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Intel's Quad Core not considered a native quad core?

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May 17, 2007 9:10:11 PM

Can someone explain this more in detail.

I think I read somewhere that the reason Intel's Kensington (sp?) isn't a native quad core is because it's just two Conroe's on one chip. But still...

If someone could explain it to me, that'd be great :D 

It just sort of surprises me that I've googled and searched the forums and couldn't really find anything that explains the differences, even though quad core CPUs have been out for quite some time now. *shudders*
May 17, 2007 9:17:34 PM

You mean Kentsfield? Technically and in all actuality, its not a monolithic, or for simplicity's sake, native quad core since there are two dies (chips) on one package. The technical name for this would be MCM or multi-chip module. AMD uses monolithic multi-core designs, although currently they have only a dual core option. Each design brings its own advantages and problems.

Generally, when you hear someone talking about native vs "glued", ignore it, since usually fanboyism follows.
May 17, 2007 9:18:44 PM

Kentsfield?

Yes, it's not a true quad core, in the sense that it's not a monolithic core, meaning, 4 cores on one die. It's essentially, 2 dual cores using the same communication "bridge" to act as 4 cores at one time.

That's my easy to understand definition. I'm sure I'll get corrected or you'll get more detailed information on this.
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May 17, 2007 9:44:03 PM

Quote:
Can someone explain this more in detail.

I think I read somewhere that the reason Intel's Kensington (sp?) isn't a native quad core is because it's just two Conroe's on one chip. But still...

If someone could explain it to me, that'd be great :D 


Kentsfield is effectivly a dual-dual-core if I can put it this way. There is 2 dual-core on the same package. While performances might be a tad lower then a true monolitic quad-core, this is only partially true.

For true multitasking, as in running 4 applications at the same time, there is no difference in performances for every application running if you compare true and "fake" (if we can say that) quad-core. The ressources are not shared. When it comes to multithreaded applications things might change. Since different parts of the said application is being worked on by different core, informations gets exchanged. In an Intel C2D, when that happen, informations get stock in L2 and can be reused by any core when needed. In a "fake" quad-core, informations has to go out to the front side bus and back in the other dual-core. If the FSB gets overload, there is a lost of performances from this. Usually tough, that doesn't occur, so quad-core is still better, at same frequency, then dual-core, especially when multitasking a lot. Considering that explaination tough, even an A64X2 is not a true dual-core, since information has to go on the HT links to gets exchanged.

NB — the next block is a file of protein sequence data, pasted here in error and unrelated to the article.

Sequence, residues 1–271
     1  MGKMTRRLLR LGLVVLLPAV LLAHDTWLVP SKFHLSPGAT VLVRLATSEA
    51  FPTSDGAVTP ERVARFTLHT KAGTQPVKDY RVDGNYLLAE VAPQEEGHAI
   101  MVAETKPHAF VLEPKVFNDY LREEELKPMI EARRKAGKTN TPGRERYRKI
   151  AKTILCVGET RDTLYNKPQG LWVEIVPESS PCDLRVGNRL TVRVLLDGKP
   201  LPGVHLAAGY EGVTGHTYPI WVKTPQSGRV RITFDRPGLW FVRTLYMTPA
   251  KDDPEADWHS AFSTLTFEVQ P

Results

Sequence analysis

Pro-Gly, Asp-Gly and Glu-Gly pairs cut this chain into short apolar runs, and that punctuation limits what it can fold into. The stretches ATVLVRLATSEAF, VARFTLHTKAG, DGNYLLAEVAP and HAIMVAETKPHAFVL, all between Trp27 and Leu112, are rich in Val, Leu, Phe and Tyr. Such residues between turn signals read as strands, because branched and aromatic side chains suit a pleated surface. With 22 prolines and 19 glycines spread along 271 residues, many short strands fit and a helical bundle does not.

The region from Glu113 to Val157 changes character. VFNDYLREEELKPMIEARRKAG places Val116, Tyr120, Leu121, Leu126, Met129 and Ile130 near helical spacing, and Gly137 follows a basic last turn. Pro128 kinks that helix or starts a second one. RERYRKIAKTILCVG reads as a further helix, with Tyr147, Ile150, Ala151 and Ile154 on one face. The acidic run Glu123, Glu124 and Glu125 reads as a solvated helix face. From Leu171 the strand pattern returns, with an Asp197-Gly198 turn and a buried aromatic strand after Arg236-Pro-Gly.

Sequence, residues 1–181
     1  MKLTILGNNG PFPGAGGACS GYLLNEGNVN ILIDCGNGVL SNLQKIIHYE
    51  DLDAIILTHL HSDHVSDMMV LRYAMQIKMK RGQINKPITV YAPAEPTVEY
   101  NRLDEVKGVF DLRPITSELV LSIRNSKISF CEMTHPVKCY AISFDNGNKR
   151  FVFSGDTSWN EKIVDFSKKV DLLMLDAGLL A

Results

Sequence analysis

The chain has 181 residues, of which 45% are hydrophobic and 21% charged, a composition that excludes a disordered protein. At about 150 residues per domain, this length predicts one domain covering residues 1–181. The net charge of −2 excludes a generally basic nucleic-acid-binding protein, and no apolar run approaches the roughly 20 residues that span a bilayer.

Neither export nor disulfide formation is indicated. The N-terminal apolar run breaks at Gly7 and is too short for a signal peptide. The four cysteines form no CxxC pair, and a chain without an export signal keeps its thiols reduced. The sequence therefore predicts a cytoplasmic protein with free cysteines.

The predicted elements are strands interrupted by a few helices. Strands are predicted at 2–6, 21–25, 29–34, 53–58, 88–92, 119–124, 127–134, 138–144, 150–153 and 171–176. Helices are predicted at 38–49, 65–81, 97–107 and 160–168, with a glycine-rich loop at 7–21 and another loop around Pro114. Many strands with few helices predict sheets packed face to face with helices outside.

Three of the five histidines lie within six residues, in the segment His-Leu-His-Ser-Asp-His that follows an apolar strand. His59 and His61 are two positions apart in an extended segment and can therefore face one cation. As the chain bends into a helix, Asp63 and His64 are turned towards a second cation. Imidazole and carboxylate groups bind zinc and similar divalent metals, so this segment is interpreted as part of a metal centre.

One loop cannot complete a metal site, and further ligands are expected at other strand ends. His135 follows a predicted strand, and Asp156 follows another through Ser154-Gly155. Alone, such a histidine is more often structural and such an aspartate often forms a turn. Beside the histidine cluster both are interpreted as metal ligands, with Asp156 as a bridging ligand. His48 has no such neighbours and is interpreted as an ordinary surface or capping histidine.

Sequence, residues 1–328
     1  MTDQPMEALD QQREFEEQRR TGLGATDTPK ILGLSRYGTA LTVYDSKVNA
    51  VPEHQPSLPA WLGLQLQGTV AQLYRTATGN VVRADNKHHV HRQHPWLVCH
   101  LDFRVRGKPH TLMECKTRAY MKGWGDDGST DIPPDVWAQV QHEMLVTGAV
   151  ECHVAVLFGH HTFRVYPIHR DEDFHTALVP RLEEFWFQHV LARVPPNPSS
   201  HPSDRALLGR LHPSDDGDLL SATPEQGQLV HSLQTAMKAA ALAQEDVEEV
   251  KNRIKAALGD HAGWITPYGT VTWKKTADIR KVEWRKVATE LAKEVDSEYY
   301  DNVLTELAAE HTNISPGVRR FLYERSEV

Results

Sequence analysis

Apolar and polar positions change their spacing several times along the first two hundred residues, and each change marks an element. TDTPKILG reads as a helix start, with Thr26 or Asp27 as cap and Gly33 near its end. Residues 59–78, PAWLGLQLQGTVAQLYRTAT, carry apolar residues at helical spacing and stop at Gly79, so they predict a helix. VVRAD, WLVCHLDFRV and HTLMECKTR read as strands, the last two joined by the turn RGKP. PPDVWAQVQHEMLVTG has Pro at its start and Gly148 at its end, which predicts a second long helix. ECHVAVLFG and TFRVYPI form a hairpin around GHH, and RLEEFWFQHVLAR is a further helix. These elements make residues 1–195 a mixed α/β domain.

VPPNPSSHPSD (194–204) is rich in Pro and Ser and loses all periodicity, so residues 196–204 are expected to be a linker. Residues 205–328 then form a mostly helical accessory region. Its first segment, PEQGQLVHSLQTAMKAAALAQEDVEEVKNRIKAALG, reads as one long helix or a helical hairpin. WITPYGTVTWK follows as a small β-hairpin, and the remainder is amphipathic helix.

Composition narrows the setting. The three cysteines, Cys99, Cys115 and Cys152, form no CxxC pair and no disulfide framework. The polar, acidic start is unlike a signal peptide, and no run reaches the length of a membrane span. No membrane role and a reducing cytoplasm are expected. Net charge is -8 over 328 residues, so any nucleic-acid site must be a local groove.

That "fake" quad-core thing should get fixed in upcoming AMD's AGENA/BARCELONA (Q3-2007)and Intel's NEHALEM (Q2/3-2008). These will be real quad-core, (altough not sure yet on Intel side, but the opposite would be really stupid on there part) maybe even octo-core.
May 17, 2007 10:06:43 PM

Quote:


That "fake" quad-core thing
I really don't understand why people keep calling it a "fake" quad... there really are 4 cores... just on two separate die. As for the FSB, I haven't seen any benchmarks that show the FSB is saturated under normal workloads on a QX processor... wasn't one of the forum members going to run some benchmarks on a QX6700 with different FSB clocks to see if there was much of a performance difference (JJ?).
May 17, 2007 10:10:06 PM

As some have said, Kentsfield isn't "native" quad core for 2 reasons:

The CPU package has two seperate dies
It uses the FSB to communicate between dies

An example of a native quad core would be 1 single die with 4 cores and with no external communication method for dies to communicate between. Using a single die design eliminates slow and cumbersome bus speeds and allows all the processors to manage cache in a more efficient way (at least in AMD's design). Intel still isn't using a L3 cache for Conroe based CPU's; each core has its own cache. But I think that's going to change...
May 17, 2007 10:12:37 PM

Quote:
Intel still isn't using a L3 cache for Conroe based CPU's; each core has its own cache. But I think that's going to change...
That isn't quite true... they don't have an L3 but there is a shared L2 cache for every two cores.
May 17, 2007 10:14:51 PM

Sorry, I meant each DIE. Thx. ;-)
May 17, 2007 10:26:11 PM

Quote:

Generally, when you hear someone talking about native vs "glued", ignore it, since usually fanboyism follows.
Wouldn't the QX be an example of 2-way glueless SMP anyway?
May 17, 2007 11:02:53 PM

Why does it matter?

The only real world disadvantage could be from a performance point of view since it was not designed to work that way (more of a rabbit out of the hat thing).
A native quad core design would take the larger memory bandwidth usage of four cores into consideration. Intel's (early stroke of genious) solution for this is the extra large cache for 2 cores.

Since memory bandwidth is not really a handicap for the quads, except in some very specific mostly benchmark and server applications everyone who says it's less of an achievment is either a fanboy or just ignorant.

Other posible disadvantages for a two die sollution would include voltage, heat output, (over)clockability differences from using two chips in one package (binning of chips matches those up so you don't notice a thing).

The bottom line is Intel has a quadcore package on the market. AMD has no such thing. Native or not it works as a quad. Software for it is another story.